Interview with Mayor Jochen Partsch in Darmstadt, 21 October 2019
Kloss: How do you get people on bikes in Darmstadt?
Partsch: I think it is very important to create comfortable and fast bicycle routes, in the city and in the region. Studies from Copenhagen are showing, that most people ride their bicycle because it is fast, and only few people ride it because of health or environmental reasons. The ecological aspects are important, especially regarding the pollution in cities, that’s why we need to strengthen urban cycling. We get people on bikes by doing everything to make cycling easier. In Darmstadt a petition for better bicycle infrastructure was submitted by citizens. In several cities of Germany there were such petitions. For formal reasons this petition was not implemented, but we have reacted by investing 4 million Euros more for bicycle infrastructure and by employing four additional planners. Furthermore we drafted together with the cycling initiatives a bicycle strategy, which was decided in parliament and aims to increase the share of cyclists up to 30% until 2030. At the moment it is around 20%. We need fast success, measures that can be implemented fast, and strong north-south and east-west routes through the city. The city has grown historically, is very narrow and growing with a high share of commuters. It is a challenge, but also something we do with great passion. For sure it also helps that the mayor is a cyclist too.
Kloss: How should the bicycle highways be created?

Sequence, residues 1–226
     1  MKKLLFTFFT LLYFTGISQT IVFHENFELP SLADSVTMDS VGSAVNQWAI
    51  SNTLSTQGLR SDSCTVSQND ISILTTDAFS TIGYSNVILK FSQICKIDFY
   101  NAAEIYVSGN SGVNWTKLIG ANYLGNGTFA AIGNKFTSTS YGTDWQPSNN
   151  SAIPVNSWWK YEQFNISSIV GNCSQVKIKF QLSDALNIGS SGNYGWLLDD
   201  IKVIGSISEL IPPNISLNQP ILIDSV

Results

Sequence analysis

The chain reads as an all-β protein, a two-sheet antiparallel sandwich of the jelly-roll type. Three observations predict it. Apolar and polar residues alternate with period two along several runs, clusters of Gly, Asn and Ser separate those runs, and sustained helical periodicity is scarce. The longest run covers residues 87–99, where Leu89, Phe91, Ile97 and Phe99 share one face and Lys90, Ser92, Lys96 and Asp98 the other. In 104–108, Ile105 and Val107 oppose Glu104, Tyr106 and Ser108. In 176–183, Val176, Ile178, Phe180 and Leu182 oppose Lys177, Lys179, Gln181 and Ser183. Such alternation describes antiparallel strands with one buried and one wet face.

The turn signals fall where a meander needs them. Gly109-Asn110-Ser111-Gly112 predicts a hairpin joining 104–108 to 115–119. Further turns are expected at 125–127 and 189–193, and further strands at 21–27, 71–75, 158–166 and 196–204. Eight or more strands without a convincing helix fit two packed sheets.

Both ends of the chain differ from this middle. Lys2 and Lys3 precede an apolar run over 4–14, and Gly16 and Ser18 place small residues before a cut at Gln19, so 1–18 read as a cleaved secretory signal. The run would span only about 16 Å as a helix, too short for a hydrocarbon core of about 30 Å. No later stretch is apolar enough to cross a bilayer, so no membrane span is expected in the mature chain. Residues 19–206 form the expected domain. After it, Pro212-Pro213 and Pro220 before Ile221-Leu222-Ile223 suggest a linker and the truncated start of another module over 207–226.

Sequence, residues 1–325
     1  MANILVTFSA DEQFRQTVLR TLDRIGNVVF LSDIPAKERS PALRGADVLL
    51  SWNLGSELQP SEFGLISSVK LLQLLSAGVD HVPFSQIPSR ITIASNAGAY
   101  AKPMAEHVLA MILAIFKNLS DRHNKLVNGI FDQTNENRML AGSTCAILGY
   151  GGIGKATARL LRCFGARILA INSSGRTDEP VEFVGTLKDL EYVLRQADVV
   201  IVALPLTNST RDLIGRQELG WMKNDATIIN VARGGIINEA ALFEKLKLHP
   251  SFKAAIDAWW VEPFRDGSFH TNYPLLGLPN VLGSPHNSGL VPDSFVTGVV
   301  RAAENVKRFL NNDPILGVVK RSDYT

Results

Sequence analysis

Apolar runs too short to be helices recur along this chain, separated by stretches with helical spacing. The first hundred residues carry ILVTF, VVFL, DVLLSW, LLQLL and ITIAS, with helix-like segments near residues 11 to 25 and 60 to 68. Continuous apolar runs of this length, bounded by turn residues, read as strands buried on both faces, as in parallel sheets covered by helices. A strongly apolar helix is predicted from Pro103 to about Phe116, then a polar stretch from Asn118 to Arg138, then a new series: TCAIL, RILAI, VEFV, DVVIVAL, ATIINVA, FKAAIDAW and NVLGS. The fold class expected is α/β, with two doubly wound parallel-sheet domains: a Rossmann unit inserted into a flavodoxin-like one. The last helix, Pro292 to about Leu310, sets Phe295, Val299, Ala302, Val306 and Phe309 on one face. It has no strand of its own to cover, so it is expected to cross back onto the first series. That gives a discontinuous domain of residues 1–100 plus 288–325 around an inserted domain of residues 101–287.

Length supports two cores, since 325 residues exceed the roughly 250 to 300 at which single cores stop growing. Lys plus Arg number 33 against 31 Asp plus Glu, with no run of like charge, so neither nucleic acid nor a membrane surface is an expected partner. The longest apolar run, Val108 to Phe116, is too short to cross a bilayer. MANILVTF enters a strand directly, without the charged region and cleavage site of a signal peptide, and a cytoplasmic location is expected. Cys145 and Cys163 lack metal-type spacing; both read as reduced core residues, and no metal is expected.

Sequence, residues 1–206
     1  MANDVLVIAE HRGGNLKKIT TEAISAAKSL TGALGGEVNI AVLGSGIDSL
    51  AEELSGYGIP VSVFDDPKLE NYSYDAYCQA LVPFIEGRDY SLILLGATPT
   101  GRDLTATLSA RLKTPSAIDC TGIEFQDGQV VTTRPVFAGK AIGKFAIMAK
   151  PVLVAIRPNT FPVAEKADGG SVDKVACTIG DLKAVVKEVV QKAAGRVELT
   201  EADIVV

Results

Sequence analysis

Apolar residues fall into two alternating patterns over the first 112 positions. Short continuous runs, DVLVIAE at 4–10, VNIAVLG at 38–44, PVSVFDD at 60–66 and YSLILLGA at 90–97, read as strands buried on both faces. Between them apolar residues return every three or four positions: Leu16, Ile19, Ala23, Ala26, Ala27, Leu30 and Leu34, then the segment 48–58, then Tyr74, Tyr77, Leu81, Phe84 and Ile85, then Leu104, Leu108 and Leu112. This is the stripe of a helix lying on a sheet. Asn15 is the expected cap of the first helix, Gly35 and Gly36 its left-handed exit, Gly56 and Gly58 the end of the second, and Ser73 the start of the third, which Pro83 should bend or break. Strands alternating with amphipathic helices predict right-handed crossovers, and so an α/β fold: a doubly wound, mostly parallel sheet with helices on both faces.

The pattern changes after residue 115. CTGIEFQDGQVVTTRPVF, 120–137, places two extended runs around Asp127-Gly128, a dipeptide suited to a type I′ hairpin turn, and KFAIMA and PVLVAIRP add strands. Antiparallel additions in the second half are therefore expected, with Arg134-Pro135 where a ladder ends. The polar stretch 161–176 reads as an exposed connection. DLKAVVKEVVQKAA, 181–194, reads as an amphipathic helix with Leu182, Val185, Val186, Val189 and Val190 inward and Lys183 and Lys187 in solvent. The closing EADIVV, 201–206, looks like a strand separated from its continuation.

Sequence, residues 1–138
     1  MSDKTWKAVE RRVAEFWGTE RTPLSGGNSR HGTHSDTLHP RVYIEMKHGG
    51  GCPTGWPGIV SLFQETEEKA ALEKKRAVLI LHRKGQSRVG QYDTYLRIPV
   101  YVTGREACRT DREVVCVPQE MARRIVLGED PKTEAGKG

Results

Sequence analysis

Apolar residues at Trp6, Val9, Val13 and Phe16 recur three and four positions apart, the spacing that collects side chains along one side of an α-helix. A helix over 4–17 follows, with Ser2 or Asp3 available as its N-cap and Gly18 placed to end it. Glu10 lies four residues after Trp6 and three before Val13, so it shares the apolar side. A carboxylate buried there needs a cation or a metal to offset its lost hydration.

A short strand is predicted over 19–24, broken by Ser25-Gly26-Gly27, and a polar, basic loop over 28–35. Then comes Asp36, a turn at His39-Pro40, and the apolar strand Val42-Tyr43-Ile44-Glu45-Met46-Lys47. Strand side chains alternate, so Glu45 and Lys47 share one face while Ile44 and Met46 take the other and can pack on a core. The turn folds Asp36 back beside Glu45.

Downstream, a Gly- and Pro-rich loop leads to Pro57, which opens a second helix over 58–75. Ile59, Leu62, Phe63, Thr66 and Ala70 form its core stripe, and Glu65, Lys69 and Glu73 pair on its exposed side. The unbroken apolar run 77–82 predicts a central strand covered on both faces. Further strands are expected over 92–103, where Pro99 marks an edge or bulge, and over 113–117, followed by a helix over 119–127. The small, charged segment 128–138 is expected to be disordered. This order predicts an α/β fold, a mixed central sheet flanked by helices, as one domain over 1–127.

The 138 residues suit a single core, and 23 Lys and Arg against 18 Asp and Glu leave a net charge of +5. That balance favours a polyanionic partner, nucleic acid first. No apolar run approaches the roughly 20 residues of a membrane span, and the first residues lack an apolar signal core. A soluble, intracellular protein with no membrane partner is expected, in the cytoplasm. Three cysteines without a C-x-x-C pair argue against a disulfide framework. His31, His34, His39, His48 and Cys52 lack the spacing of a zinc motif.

Partsch: In Germany bicycle highways have to be 3-4m wide, which will be difficult in the city centre. But we are in dialogue and try to make them as broad as possible. At the moment a bicycle highway between Darmstadt and Frankfurt is under construction, we are on the way to lead it into the city centre. Moreover a bicycle highway to Heidelberg is about to be built.
Kloss: It is a big challenge for cities to push back the car traffic and allocate public space more just. Do you have experiences with this in Darmstadt?
Partsch: We have to take back space from the car for pedestrians, cyclists and public transport. In the Rhein street we took one car lane and built a broad protected bike lane, which worked really good. Several parking lots and a car lane were replaced. The shop owners supported this when they realized that they could use more of the sidewalk. The bicycle path also created a certain traffic calming, and most of the people who parked there before were actually not business traffic but long-stay parkers. In general everone is for strengthening bicycle traffic, but when it affects the own street and parking lot it becomes difficult. This leads to discussions, but there is broad support in the city for more cycling traffic.
Kloss: This is a big challenge for cities to communicate, I guess it needs much campaigning and persuading for that.
Partsch: The best argument is when we offer good infrastructure for cycling, then people will change their habits and switch to the bicycle. Environmental arguments help little, it just must be better for people to ride the bicycle in everyday life.
Kloss: What is the future of urban mobility in Darmstadt?
Partsch: A strong increase of the share of cyclists, 30% until 2030 in Darmstadt and in the region.
Kloss: Do you ride the bike in everyday life?
Partsch: Yes I do. Of course it is possible. I also use car sharing. If the weather is bad I use public transport. If you ride the bicycle as a mayor, you can get in direct contact with citizens and hear their needs.